FOX v. FOX.
-- September 10, 2012
In this divorce case, the husband disputed the validity and enforceability of the parties' self-styled “Premarital Agreement.” He argued, among other things, that the agreement is actually a “marriage contract ․ made in contemplation of marriage,” OCGA § 19–3–63, but it was not attested by two witnesses as required by that statute to be valid. The trial court agreed, and we affirm.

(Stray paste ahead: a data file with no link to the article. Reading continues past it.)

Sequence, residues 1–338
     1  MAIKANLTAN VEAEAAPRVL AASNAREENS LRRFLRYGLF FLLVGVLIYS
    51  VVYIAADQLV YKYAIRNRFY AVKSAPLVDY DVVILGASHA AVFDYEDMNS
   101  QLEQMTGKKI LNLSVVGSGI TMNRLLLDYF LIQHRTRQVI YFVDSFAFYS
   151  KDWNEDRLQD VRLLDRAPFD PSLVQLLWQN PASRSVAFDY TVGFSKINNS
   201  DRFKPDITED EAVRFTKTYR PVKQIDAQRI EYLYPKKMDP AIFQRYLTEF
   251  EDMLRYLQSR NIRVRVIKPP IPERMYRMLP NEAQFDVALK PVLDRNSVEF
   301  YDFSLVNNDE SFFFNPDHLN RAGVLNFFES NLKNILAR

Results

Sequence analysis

1. In 2000, appellant Joanne Fox (“Wife”) and appellee Lyle M. Fox (“Husband”) divorced after 25 years of marriage. The divorce decree and incorporated settlement agreement required Husband to pay Wife monthly child support of $500, as well as monthly alimony of $1,500 for one year, $2,000 for the next three years, and $1,500 thereafter until Wife was 591/212 years old. By March 2002, however, the parties were planning to remarry. Without the assistance of legal counsel, they signed a nine-page document captioned “Premarital Agreement;” the document was notarized, but the notary was the only witness to it. Three months later, the parties remarried, thereby extinguishing Husband's child support and alimony obligations. In February 2010, Wife again filed for divorce, and she sought to enforce the Premarital Agreement as a legally binding prenuptial agreement. After a hearing, the trial court entered an order on June 10, 2011, ruling, among other things, that the Premarital Agreement, reviewed as a whole, was a “marriage contract in writing, made in contemplation of marriage” and that it therefore was void because it was not attested by at least two witnesses as required by OCGA § 19–3–63. After the trial court granted a certificate of interlocutory review, we granted Wife's interlocutory appeal.